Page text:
Over my year as an intern, l found it difficult to make meaningful connections in new cities. Classmates and I commiserated over the difficulty of making friends where we didn't have established friends, and how awkward "friendship-making" apps could be to use. We agreed there had to be a better way to make and maintain friendships that more closely resembled how we made meaningful friendships in our lives. For a three-week project, I made it my goal to improve the way digital natives make friends in new cities, using the networks they are already apart of.
interviews and scenarios
To focus the content of the service, I spoke with three young adults who had different experiences while living in and travelling to a new city. Their stories helped me form an ideal user journey for each, to help narrow how the service would be a solution to the challenges they had.
Images and names have been changed.
When looking at apps currently available, none identified as common aimed to connect people who had connections in an actionable way. Either you passively interacted with your network, or actively pursued new networks. The combination of those in your network and actively engaging with others was underserved.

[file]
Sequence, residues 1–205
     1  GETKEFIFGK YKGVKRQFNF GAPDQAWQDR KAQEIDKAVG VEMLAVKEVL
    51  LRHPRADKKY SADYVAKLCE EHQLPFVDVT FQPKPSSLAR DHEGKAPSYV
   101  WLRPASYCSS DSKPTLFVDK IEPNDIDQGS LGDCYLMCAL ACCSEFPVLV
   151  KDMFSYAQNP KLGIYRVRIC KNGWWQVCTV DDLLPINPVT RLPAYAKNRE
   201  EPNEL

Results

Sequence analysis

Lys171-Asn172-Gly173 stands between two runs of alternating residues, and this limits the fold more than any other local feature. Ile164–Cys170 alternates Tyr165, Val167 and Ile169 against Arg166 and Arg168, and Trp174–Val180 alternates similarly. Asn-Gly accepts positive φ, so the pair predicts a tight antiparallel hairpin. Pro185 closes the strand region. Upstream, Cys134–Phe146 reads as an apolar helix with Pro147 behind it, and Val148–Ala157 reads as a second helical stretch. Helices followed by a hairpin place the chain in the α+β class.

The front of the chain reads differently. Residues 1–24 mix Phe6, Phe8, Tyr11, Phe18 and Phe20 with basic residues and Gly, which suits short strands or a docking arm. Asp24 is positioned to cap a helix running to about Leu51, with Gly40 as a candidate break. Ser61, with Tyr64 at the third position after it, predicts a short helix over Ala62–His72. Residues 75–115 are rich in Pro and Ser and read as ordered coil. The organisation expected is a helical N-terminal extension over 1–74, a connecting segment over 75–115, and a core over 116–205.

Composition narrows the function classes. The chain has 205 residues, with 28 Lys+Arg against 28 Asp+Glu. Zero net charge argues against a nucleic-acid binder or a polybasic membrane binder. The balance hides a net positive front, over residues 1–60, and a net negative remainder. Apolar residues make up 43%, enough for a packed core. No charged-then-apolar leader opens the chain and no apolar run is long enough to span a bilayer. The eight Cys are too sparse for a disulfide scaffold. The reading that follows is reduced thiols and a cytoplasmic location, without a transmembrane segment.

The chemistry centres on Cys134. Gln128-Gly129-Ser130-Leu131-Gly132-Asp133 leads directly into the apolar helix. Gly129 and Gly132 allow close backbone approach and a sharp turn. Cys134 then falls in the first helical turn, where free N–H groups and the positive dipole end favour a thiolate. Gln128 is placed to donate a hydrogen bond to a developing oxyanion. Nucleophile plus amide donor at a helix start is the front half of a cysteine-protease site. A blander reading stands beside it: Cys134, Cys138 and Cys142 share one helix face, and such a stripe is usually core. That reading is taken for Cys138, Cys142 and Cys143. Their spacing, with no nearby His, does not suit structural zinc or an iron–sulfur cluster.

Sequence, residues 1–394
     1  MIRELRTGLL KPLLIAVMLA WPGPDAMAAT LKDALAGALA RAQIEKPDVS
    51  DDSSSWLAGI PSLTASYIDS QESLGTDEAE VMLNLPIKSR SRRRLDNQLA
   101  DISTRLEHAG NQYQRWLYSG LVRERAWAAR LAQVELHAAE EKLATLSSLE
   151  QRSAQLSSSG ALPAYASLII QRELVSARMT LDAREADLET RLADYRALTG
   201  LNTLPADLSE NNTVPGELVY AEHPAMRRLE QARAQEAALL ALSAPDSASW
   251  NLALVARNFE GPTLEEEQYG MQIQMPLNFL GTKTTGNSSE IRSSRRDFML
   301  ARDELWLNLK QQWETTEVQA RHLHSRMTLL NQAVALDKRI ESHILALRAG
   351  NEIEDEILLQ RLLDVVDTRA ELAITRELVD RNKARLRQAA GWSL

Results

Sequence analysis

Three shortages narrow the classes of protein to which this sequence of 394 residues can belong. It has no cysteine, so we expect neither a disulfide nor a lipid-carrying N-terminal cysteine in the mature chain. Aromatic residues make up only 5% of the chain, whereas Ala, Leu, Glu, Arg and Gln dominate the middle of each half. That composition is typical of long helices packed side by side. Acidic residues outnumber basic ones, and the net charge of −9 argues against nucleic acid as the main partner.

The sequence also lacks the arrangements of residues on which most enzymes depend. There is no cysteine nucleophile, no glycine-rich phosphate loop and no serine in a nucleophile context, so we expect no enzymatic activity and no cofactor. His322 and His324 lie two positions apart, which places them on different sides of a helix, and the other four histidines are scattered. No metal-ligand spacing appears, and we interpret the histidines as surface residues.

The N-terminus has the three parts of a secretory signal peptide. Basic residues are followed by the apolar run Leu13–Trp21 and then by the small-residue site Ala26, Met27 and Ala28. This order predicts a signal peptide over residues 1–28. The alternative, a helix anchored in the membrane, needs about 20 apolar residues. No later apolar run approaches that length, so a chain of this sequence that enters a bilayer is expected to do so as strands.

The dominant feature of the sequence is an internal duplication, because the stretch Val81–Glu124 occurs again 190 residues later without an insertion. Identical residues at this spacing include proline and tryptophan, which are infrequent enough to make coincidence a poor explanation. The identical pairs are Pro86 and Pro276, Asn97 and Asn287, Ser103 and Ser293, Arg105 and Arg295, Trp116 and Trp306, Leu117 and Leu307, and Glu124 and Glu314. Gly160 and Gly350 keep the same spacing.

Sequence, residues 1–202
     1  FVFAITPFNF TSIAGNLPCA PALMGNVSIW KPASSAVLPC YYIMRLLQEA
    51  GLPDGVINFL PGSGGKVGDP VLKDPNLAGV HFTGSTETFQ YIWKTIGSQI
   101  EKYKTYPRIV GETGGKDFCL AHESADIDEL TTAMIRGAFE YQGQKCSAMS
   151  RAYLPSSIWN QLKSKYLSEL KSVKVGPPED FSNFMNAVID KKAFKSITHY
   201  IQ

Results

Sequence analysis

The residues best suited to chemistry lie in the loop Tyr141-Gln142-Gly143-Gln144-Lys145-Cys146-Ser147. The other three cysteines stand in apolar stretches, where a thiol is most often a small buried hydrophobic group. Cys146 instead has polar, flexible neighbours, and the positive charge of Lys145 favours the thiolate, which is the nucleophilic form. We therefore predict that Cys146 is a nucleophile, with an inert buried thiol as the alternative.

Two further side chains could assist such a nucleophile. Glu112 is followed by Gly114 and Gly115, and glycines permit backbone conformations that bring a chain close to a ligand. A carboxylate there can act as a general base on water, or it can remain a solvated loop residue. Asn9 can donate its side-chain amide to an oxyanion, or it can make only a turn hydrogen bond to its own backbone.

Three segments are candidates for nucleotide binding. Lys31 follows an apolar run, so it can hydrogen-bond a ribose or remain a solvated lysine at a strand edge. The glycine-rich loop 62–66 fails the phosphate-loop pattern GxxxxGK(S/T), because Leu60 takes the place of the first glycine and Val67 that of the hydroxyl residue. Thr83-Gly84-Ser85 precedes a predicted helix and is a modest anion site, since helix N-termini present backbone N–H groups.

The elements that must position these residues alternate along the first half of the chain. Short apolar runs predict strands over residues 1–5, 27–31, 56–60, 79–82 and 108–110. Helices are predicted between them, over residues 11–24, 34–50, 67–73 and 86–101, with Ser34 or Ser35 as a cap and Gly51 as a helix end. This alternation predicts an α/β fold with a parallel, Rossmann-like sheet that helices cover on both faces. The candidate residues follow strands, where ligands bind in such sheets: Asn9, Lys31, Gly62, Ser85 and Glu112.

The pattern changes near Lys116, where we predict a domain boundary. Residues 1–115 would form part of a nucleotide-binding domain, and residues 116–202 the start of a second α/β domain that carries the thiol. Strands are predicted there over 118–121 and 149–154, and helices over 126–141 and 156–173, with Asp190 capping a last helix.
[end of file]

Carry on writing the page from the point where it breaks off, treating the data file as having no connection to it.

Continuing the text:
FOCUS OF USE
By using the three interviews and use cases, I narrowed in on the three core functions that would be necessary for the app. Given the goals, the scope could grow to try to include too many features, and I wanted to ensure that it targeted only the most important.
The system architecture was pared down to simplify the experience, focusing on the core use cases. The interface was also kept flat, to allow for easier navigation.
One insight I gained from my interviews was that people often recognized the faces of acquaintances before they would remember a name. Drawing from this, I put an emphasis on a bold use of images, paired with visuals of cities to excite users to engage in real spaces.
This resulted in a key emphasis of design on being:
I used invision to help prototype the interaction between screens, and throughout the process to check the direction of the design. The final prototype is below, and was designed to be useful in showing a limited number of interactions with the interface.